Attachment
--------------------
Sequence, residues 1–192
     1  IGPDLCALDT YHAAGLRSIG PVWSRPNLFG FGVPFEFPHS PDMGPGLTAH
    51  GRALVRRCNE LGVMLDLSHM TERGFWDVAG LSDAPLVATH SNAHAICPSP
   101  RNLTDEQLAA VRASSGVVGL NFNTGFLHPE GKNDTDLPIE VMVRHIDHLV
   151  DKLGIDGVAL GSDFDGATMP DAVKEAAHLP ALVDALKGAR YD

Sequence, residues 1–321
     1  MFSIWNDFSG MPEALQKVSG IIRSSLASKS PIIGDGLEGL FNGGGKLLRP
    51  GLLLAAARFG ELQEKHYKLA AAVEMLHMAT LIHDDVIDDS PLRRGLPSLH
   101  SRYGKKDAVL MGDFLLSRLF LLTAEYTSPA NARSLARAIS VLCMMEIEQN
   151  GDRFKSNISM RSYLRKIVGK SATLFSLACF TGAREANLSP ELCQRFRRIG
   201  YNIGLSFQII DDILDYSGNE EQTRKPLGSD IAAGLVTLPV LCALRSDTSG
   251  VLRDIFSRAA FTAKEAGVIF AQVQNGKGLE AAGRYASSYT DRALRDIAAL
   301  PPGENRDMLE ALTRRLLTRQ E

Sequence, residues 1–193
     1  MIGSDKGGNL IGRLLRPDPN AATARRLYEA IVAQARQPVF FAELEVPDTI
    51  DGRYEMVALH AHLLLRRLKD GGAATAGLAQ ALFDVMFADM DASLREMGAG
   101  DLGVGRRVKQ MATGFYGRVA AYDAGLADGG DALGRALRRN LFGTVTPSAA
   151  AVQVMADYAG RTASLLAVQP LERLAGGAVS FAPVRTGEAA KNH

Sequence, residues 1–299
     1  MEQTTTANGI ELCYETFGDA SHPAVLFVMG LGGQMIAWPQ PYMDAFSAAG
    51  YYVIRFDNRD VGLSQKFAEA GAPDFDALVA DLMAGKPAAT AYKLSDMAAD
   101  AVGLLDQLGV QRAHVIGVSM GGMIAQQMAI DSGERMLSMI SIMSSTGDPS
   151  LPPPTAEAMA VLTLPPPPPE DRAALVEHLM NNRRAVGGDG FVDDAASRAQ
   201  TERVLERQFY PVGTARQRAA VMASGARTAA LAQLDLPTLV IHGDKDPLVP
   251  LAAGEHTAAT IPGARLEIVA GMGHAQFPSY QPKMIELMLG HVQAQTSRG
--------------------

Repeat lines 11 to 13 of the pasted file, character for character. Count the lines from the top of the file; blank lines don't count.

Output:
   201  YNIGLSFQII DDILDYSGNE EQTRKPLGSD IAAGLVTLPV LCALRSDTSG
   251  VLRDIFSRAA FTAKEAGVIF AQVQNGKGLE AAGRYASSYT DRALRDIAAL
   301  PPGENRDMLE ALTRRLLTRQ E